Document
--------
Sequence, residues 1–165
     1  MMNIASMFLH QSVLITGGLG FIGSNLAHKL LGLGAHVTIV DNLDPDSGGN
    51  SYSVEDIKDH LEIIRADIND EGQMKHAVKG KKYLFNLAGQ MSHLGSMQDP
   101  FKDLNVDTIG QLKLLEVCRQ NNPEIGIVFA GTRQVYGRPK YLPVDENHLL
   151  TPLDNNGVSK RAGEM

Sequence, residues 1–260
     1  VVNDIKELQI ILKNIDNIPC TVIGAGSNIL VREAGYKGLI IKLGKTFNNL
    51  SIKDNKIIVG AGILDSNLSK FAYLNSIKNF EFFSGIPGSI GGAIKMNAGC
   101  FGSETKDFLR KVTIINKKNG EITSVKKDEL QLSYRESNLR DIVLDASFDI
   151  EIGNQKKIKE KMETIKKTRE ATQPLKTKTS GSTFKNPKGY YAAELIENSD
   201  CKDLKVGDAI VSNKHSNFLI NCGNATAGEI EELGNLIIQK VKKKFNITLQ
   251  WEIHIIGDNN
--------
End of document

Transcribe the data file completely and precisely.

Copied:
Sequence, residues 1–165
     1  MMNIASMFLH QSVLITGGLG FIGSNLAHKL LGLGAHVTIV DNLDPDSGGN
    51  SYSVEDIKDH LEIIRADIND EGQMKHAVKG KKYLFNLAGQ MSHLGSMQDP
   101  FKDLNVDTIG QLKLLEVCRQ NNPEIGIVFA GTRQVYGRPK YLPVDENHLL
   151  TPLDNNGVSK RAGEM

Sequence, residues 1–260
     1  VVNDIKELQI ILKNIDNIPC TVIGAGSNIL VREAGYKGLI IKLGKTFNNL
    51  SIKDNKIIVG AGILDSNLSK FAYLNSIKNF EFFSGIPGSI GGAIKMNAGC
   101  FGSETKDFLR KVTIINKKNG EITSVKKDEL QLSYRESNLR DIVLDASFDI
   151  EIGNQKKIKE KMETIKKTRE ATQPLKTKTS GSTFKNPKGY YAAELIENSD
   201  CKDLKVGDAI VSNKHSNFLI NCGNATAGEI EELGNLIIQK VKKKFNITLQ
   251  WEIHIIGDNN